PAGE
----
We also talked a little about the National Acquisition Group’s report on the Quality of Shelf-ready Metadata (NAG, 2020), and discussed how in it we can see academic libraries following the same cycle we have seen in public libraries over the last 10-15 years.

The news from the public library sector is quite bright, though. As well as the Bridgend Library cataloguing project, about which we’ll hear more on Wednesday, when Harriet Hopkins (Awen Cultural Trust) and Amy Staniforth (CILIP Cymru Wales) are discussing Training Matters with us, there are several library authorities who are in the process of commissioning bespoke training for their staff. Local Studies collections are often the repository of exactly the kind of semi-published and privately printed materials that it can be difficult to locate and download from databases of shared cataloguing. Such materials can often seem more complex to non-cataloguers than many of the standard books for which it’s easy to download a perfect dataset.

I’ll be picking up this refrain in a little more detail in the article I’ve been commissioned to write for the next issue of Catalogue and Index, which, like all their issues, will be available open access. It will also contain a piece by Emma Booth on why Metadata Matters, as well as other articles on advocacy for our area of the information professions. I’ll pop a link to the new issue here, and, of course, in the newsletter when the Catalogue and Index editors let us know it is out.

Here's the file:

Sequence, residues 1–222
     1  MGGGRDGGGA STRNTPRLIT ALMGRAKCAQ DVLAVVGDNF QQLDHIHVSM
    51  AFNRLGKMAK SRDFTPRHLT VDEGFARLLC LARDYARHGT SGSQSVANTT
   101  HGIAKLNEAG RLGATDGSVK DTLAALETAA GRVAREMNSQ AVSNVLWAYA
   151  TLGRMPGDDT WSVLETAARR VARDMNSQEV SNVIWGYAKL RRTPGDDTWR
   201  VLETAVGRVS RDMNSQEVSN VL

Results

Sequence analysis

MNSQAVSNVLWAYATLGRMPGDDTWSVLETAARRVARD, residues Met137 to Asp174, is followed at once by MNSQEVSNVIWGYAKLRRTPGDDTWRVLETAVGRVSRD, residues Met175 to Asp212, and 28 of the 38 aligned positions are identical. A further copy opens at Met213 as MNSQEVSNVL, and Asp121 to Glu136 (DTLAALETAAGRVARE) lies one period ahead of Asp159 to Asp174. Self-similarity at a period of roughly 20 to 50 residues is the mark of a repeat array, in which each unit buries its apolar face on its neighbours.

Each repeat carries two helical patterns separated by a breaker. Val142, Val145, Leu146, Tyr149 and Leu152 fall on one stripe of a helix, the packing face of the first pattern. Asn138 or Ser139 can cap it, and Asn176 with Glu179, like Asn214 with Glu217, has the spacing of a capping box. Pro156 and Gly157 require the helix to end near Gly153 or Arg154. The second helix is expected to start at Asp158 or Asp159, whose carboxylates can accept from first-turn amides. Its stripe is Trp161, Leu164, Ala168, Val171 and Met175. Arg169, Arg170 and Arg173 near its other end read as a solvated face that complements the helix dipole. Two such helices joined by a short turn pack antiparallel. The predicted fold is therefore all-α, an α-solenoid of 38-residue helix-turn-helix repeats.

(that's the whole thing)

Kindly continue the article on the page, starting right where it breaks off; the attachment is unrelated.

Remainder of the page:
In the meantime, I hope to see some of you at our seminar with Harriet and Amy on Wednesday.

Beginning Cataloguing News 8

BEGINNING CATALOGUING NEWS
WELCOME
... to the eighth issue of Beginning Cataloguing News.

Image: "Why do I want to know about Cataloguing? It's the power I crave"

Our newsletter went out to subscribers today.

CONTENTS

BEGINNINGS BOOKSHELVES

Metadata Must-read – Marshall Breeding, ‘2021 Library Systems Report: Advancing Library Technologies in Challenging Times’, American Libraries 3 May 2021, https://americanlibrariesmagazine.org/2021/05/03/2021-library-systems-report.

Bodies in the LibraryRex Pickett, The Archivist, Ashland, Oregon: Blackstone Publishing, November 2021.

Tidy Reading – One of the things that kept me busy over the summer was being appointed, along with Nicola Austin (Life of Libra), as co-organiser of the APDO Book Club. We’ve managed to book some great authors to come along to our meetings, the first being Sarah Gregg, who spoke to us about her books Find Your Flow (New York: Rock Point, 2020) and Choose Happy (New York: Rock Point, 2021).